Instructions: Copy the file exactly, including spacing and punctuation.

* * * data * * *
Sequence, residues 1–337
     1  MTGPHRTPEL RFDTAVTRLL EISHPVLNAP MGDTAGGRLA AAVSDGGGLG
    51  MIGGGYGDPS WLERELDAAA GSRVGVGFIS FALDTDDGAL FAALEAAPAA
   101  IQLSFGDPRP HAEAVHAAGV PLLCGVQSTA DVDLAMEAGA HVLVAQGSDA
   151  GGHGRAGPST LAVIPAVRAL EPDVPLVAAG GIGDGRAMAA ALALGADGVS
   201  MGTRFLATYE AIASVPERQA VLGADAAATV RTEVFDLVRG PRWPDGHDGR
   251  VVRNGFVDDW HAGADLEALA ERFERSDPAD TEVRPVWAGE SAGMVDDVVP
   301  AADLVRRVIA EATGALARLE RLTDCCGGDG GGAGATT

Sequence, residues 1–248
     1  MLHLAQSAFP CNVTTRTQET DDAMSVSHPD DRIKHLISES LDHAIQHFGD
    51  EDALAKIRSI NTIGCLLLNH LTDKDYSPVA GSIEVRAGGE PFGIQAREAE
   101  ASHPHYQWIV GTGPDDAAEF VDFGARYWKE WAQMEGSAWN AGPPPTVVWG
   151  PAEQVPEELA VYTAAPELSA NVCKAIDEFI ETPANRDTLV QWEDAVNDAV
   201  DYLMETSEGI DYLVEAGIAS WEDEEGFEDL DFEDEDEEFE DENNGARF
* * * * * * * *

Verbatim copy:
Sequence, residues 1–337
     1  MTGPHRTPEL RFDTAVTRLL EISHPVLNAP MGDTAGGRLA AAVSDGGGLG
    51  MIGGGYGDPS WLERELDAAA GSRVGVGFIS FALDTDDGAL FAALEAAPAA
   101  IQLSFGDPRP HAEAVHAAGV PLLCGVQSTA DVDLAMEAGA HVLVAQGSDA
   151  GGHGRAGPST LAVIPAVRAL EPDVPLVAAG GIGDGRAMAA ALALGADGVS
   201  MGTRFLATYE AIASVPERQA VLGADAAATV RTEVFDLVRG PRWPDGHDGR
   251  VVRNGFVDDW HAGADLEALA ERFERSDPAD TEVRPVWAGE SAGMVDDVVP
   301  AADLVRRVIA EATGALARLE RLTDCCGGDG GGAGATT

Sequence, residues 1–248
     1  MLHLAQSAFP CNVTTRTQET DDAMSVSHPD DRIKHLISES LDHAIQHFGD
    51  EDALAKIRSI NTIGCLLLNH LTDKDYSPVA GSIEVRAGGE PFGIQAREAE
   101  ASHPHYQWIV GTGPDDAAEF VDFGARYWKE WAQMEGSAWN AGPPPTVVWG
   151  PAEQVPEELA VYTAAPELSA NVCKAIDEFI ETPANRDTLV QWEDAVNDAV
   201  DYLMETSEGI DYLVEAGIAS WEDEEGFEDL DFEDEDEEFE DENNGARF